your weekly dollop of KXL, served with hope and a little relish
The area under “development” is the size of England © Jiri Rezac / Greenpeace

The oil/tar* sands of Alberta in general and the Keystone XL and Northern Gateway pipelines in particular are some of the hottest energy topics in North America right now. They also happen to be obsessions pet peeves of mine. Not having a Twitter account, I in effect spam my own Facebook wall by posting article after article about oil pipelines; in the past 3 weeks alone there’s been 9 posts – and there hasn’t even been any real news on the subject!

It has become one of the few energy topics I feel truly qualified to discuss, which is just one reason why I like yapping about it so much. The other reason is that it is not just about energy – the oil/tar sands, KXL, Northern Gateway and the potential West-East pipeline are so tightly wrapped in Canadian, American and international politics that it’s hard not to salivate. Like bacon-wrapped shrimp.

Last week I had a long overdue review with my line manager, and KXL came up when he asked what really gets me going. My biggest problem professionally right now is finding out what I am passionate about and how to work on those issues. In the framework of my current job, this specifically means how to turn what I am passionate about into a campaign that fits the goals and campaigns of the Climate and Energy unit. I will have to think more about that. I need some time and motivation to actually sit down, brainstorm, and strategise!

Anyway, you’re probably waiting for that KXL dose, huh ;-) Here ya go, and you’re very welcome:

  • Joe Oliver is Canada’s Minister for Natural Resources. He’s a creative and resourceful (pun intended) spin doctor who’s been selling the oil/tar sands first as “ethical” and then as “green”. He’s also really defensive and it shows in his aggressiveness towards naysayers.
  • A bunch of Obama’s top donors wrote him a letter asking him to reject the pipeline. I was pretty excited by this until someone else asked, “Why didn’t they do this before the 2012 election, when they had the most leverage?” Valid point.
  • Everyone’s on Facebook, right? Well, almost everyone. Facebook founder Mark Zuckerberg has a PAC (WHAAAT) called that’s trying to get immigration reform passed in the US. To sort of gain street cred with the Republicans, the PAC is supporting KXL. Not cool! This caused some big supporters to pull out of the PAC.
  • Obama’s decision is dragging on and on – much to my delight. The longer this goes, the more costly it is for TransCanada, the company building the pipeline. At the beginning of this year we thought a decision would be made by June-ish. Then the State Dept report came out, 1 million citizens submitted comments, the EPA slammed the State Dept for putting together a shoddy environmental assessment, and now we might wait until end of 2013 or even until 2014 for an aye or a nay.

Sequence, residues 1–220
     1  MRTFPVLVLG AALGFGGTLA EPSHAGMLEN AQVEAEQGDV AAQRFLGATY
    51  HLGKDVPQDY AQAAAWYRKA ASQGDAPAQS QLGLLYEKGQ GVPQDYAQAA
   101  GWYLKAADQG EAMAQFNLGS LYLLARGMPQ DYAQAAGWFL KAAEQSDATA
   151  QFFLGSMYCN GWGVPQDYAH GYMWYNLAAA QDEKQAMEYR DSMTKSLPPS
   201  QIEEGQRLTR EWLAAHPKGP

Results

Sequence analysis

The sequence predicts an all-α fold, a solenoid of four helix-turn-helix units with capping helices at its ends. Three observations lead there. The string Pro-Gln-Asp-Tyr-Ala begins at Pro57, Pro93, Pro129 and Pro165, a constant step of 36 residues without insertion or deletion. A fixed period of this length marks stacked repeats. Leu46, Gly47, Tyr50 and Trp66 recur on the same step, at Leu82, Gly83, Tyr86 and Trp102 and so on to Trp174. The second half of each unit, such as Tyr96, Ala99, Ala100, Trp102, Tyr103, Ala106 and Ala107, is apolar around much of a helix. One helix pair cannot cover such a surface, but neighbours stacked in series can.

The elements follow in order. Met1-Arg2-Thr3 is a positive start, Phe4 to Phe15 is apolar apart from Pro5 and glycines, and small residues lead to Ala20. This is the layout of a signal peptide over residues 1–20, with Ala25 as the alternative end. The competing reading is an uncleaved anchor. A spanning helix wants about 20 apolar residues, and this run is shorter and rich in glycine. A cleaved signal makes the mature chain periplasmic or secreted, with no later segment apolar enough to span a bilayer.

• James Hansen is a climate scientist who used to work for NASA. He is most famous for penning a NYT blog on the topic in which he said that the tar sands are “game over” for the climate. I have a lot of respect for him – he’s gone to jail for his science before – which is why this recent article of his is a tad disappointing. In it, he argues that even if KXL is built, the bitumen might stay in the ground if the US introduces a high and rising carbon tax fee such that it becomes no longer profitable to extract the sticky stuff. Wouldn’t it be better to not build KXL in the first place?
  • The Globe tries to redeem its shitty journalism by publishing a decently investigated story for once: a 6-part series looking at the human face(s) along the proposed KXL route.

Last word: We must, must, must remember that the there is more to the oil/tar sands than carbon emissions. The tailings ponds – humongous lakes of the toxic chemical waste that is a byproduct of the extraction process – are deadly to all life and are destroying the ecosystems they touch. These “ponds” are left in the open air to evaporate, but the toxic heavy metals remain and there’s no good way to treat them.


*Words are important. Proponents of extraction call it the “oil sands”, while opponents call it the “tar sands”. The logic is that oil sounds more pleasant and tar sounds more undesirable. The problem is, neither are fully accurate: the stuff is neither oil nor tar – it’s crude bitumen. I find both oil and tar sands very political and loaded, but will usually go with “oil” in a surprise move. Why? Because I believe that the arguments against the sands are so strong that they can win even without lapsing into rhetoric!


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